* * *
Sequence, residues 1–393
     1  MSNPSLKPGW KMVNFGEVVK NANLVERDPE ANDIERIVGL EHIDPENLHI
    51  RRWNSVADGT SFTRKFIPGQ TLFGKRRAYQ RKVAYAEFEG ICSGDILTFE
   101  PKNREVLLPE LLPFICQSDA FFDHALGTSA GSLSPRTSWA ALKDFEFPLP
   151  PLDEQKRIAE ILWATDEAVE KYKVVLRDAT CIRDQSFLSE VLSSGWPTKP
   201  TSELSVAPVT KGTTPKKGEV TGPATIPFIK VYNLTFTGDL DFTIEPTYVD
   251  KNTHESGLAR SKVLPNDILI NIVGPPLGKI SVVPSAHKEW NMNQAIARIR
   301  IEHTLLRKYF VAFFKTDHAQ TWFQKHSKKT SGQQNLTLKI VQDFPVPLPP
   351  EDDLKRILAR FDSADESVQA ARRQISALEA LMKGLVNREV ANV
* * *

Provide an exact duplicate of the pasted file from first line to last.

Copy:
Sequence, residues 1–393
     1  MSNPSLKPGW KMVNFGEVVK NANLVERDPE ANDIERIVGL EHIDPENLHI
    51  RRWNSVADGT SFTRKFIPGQ TLFGKRRAYQ RKVAYAEFEG ICSGDILTFE
   101  PKNREVLLPE LLPFICQSDA FFDHALGTSA GSLSPRTSWA ALKDFEFPLP
   151  PLDEQKRIAE ILWATDEAVE KYKVVLRDAT CIRDQSFLSE VLSSGWPTKP
   201  TSELSVAPVT KGTTPKKGEV TGPATIPFIK VYNLTFTGDL DFTIEPTYVD
   251  KNTHESGLAR SKVLPNDILI NIVGPPLGKI SVVPSAHKEW NMNQAIARIR
   301  IEHTLLRKYF VAFFKTDHAQ TWFQKHSKKT SGQQNLTLKI VQDFPVPLPP
   351  EDDLKRILAR FDSADESVQA ARRQISALEA LMKGLVNREV ANV